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FEI Daily spoke with Todd Simmens, former legal advisor to the United States Congressional Joint Tax Committee and national managing partner for tax risk management at BDO, about President Biden’s plans for corporate tax changes, what companies should know about policy changes in 2021, and how to tax strategies accordingly adapt.
FEI Daily: During the campaign, President Biden called for the corporate tax rate to be increased from its current 21% to 28%, using, among other things, the revenue from the increase to fund an ambitious infrastructure plan. What is the likelihood that the corporate rate will increase in 2021 and is it realistic to expect the tax rate to go up to 28%, or should corporate taxpayers expect anything below 28?
Todd Simmens: I believe that when a larger tax package is worked out, an increase in the company rate will be included. Whether it is 28% or some other number can depend on a few variables. First, it may depend on the extent to which the negotiation of a package is bipartisan. It may take less than 28% to get more bilateral support.
Second, there can be revenue. To the extent that 28% is required to fund other priorities, there may be less flexibility. Regarding a 2021 increase, our 2021 tax outlook survey found 92% of respondents expect the federal corporate tax rate to increase this year. However, I suspect an increase won’t take effect until January 1, 2022. Retroactive tax increases are generally not favored, and as we get closer to this year it might look more like the 2022 effective date.
FEI Daily: A large number of FEI members are affiliated with private companies – many transit companies and family businesses – and most applauded the creation of a tax deduction for income from certain transit laws through the Tax Cut and Jobs Act. President Biden has called for the Section 199A allowance to expire for taxpayers with incomes over $ 400,000. What is the probability of this?
Simmens: President (then candidate) Biden and his campaign stated that they would seek tax increases for those with incomes above $ 400,000 – the tax rate table would increase for those with incomes above $ 400,000, and so would the 199A deduction run out the same level. With the composition of today’s House and Senate, it is very likely that an individual tax increase will take effect. Whether it’s exactly at the $ 400,000 level is unclear. For example, there may be some Senators pushing up the $ 400,000 figure for either the general pricing table, the 199A deduction, or both. In turn, depending on the administration’s desire for a more bipartisan package, individual tax increases may reflect bipartisan contributions.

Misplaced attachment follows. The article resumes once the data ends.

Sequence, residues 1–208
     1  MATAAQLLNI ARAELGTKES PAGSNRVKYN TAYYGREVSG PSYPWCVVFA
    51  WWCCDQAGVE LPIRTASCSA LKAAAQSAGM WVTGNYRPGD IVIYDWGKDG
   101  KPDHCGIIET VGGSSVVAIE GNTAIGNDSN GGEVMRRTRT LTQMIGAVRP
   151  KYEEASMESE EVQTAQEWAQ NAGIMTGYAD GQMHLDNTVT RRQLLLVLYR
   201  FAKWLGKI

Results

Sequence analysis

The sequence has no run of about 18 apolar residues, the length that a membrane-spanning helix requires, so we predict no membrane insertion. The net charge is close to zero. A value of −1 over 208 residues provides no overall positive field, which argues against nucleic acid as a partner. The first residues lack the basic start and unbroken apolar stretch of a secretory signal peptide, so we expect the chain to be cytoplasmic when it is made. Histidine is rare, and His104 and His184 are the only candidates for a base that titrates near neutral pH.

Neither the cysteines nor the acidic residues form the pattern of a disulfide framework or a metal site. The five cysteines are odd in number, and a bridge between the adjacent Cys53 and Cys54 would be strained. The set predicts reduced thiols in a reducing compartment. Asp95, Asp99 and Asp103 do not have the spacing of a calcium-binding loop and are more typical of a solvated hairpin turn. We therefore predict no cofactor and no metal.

FEI Daily: As mentioned earlier, many FEI members work for family businesses and are expected to be always concerned about changes in inheritance tax law. Biden’s tax plan includes a proposal to reduce the inheritance tax exemption by 50% and eliminate the increase in the base at the time of death. How likely are these changes to take effect and what can family businesses do to prepare?
Simmens: During my time on the Joint Tax Committee, the 2001 Economic Growth and Tax Relief Act was passed, which abolished estate and generational transfer taxes for one year. This year the base increase was canceled in favor of the transfer base. Using a carryover regime is complex to implement and difficult to adhere to. I think the removal of an increase in the base would be less likely as it would change estate tax policy significantly.
In terms of increasing the exemption, implementation is less complex and would bring the exemption amounts back to pre-2017 TCJA levels. I think it is likely that the amount of the exemption will change.
FEI Daily: It seems clear that the current priorities for the Biden government are an additional COVID-19 relief bill and a comprehensive infrastructure bill in 2021. Do you see the White House pursuing a major tax bill like the Tax Cuts and Jobs Act sometime this year or in the future? Tax changes tend to come piecemeal? If there is a large tax burden, do you expect it to have to go through the budget reconciliation process just like the TCJA was?
Simmens: While I expect every COVID bill will have some tax rules that make it to the president’s desk, I also expect a more comprehensive tax package in the future. Given the uncertain composition of Congress in January 2023, I would expect the government to push for a package before the end of this Congress. Unless the legislative filibuster is repealed or a tax package is largely non-partisan, which both seem unlikely today, I believe the only option will be reconciliation.